the pole, and If memory be not at fault
he attalned the highest latitude
achieved by polar explorers, Just now
he 1s in the heart of equatorial Africa,
bent upon scaling the highest peak on
the continent. What he will do next
Is only to be guessed at, but his history
thus far warrants the prediction that
the future will not find him *“loafing
around the throne.” He is too vivaclous
for that. :
Interest in the protection of bird life
has spread rapidly in the United States.
A number of States have enacted laws
making it unlawful to trim hats with
birds or wings. The wanton killing had
reached a‘point where American birds
were actually In danger of extermina
tion. The great majority of women
whose love of display had led them to
purchase bird-trimmed hats have
joined in the movement when the
wholesale slaughter has been brought
to their attention. Not alone on esthetic
grounds should the birds be protected.
They are with few exceptions useful
friends of the farmers. Agriculturists,
too prone to note the grain stolen and
the fruit pecked by little bills, give no
eredit for the myriads of insect pests
destroyed by the feathered marauders.
They see the small damage, but over
look the great good done by the birds.
If the horrors of Blalystok are per
mitted or condoned by the present Rus
sian government on the theory that
they will serve in the eyes of the world
as an excuse for the use of more re
pression and perhaps the prorogation
of parllament, it will find itself In error
too late. The civilized world stands
to-day horror stricken, but its condem
nation centers upon a regime that is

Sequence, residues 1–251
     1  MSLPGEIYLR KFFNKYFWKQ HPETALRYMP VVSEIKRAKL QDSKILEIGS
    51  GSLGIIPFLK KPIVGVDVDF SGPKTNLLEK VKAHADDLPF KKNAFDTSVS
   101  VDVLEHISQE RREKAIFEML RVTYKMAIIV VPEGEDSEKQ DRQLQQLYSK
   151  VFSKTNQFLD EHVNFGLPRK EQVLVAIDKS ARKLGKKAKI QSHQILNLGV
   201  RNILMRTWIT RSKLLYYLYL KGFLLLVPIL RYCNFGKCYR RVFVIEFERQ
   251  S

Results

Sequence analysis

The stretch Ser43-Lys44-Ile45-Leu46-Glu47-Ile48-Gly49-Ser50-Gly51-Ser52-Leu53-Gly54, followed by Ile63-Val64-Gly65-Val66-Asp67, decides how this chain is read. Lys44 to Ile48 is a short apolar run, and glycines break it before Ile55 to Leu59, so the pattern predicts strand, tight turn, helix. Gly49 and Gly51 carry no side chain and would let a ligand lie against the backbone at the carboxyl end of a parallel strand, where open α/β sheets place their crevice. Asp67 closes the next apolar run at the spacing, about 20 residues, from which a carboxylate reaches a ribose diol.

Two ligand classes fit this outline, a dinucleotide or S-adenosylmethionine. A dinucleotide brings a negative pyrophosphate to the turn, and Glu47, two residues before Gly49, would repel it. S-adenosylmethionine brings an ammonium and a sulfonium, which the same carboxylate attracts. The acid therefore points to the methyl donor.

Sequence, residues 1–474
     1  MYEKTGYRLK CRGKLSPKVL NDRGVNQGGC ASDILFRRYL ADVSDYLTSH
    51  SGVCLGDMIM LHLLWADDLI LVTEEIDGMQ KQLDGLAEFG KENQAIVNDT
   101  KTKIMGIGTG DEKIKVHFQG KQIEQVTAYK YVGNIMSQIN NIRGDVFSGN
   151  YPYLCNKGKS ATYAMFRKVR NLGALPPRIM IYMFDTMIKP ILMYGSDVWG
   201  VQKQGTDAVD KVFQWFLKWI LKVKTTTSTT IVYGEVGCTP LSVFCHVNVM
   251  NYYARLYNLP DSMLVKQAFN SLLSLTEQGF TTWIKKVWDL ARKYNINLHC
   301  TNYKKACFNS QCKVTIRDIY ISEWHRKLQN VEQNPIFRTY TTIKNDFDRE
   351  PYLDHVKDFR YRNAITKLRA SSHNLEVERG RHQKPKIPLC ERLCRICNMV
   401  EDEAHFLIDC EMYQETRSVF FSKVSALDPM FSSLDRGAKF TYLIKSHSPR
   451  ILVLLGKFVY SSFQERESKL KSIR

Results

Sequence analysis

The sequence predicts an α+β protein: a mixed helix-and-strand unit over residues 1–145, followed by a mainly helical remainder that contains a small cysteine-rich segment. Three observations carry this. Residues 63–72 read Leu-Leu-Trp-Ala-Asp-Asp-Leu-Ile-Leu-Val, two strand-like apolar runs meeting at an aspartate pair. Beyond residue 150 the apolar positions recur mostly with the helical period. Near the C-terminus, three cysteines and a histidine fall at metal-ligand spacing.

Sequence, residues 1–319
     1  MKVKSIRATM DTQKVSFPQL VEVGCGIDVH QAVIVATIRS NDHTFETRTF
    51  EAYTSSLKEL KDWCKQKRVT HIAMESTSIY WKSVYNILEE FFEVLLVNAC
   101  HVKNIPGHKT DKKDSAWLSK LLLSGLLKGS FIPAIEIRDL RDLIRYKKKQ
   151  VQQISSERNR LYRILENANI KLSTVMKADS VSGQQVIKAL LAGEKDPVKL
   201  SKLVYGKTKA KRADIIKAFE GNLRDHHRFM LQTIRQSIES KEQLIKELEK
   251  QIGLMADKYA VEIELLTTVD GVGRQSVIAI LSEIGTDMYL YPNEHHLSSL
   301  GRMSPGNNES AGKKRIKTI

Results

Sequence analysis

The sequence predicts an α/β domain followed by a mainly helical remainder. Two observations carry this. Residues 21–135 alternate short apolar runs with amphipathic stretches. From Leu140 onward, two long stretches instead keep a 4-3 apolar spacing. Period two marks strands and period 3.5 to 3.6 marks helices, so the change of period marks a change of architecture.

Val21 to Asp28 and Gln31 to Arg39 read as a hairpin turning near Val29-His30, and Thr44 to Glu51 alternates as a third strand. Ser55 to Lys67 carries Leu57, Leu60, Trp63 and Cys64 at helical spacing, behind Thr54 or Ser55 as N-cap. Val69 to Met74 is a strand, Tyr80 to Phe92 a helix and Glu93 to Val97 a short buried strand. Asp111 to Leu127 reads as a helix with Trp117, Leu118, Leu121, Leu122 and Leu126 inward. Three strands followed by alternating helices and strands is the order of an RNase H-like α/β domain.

dally proving its moral callousness and
its utter incompetence to carry on the
business of a modern State. It Is sald
that the British foreign office is being
petitioned to make representations to
the Russian government on this world
disturbing subject. It s not likely that
international dlplomatic etiquette will
permit such action ; but if it can be tak
en, the American people will wish to
have its government add its Influence
also. It 1s a disgrace to clvilization
that such outrages should be permiuted.
Nothing could be more essentially an
archical than the policy or arbitrary
want of policy which seems to charac
terize the present Russian administra
tion. It is a condition that cannot con
tinue and will be ended, it now seems
probable, In the throes of revolution.
History has never recorded a more -
competent handling of a great crisis
than that of the weakling Czar and his
reactionary court.
The accredited maxims all spur men
to labor. The books are full of illus
trious examples of the value of inces
sant toil. What we need 18 more of the
gospel of rest. Interest In work, the
desire to be constantly doing, love of
industry for its own sake or for its re
wards keep many restlessly busy until
‘nature calls a halt, and the man of
ceaseless actlvity wears out and retires
from the active scene. Yes; it Is “bet
ter to wear out than rust out;” but a
stop now and then for oiling up lessens
both the wear and the rust. There are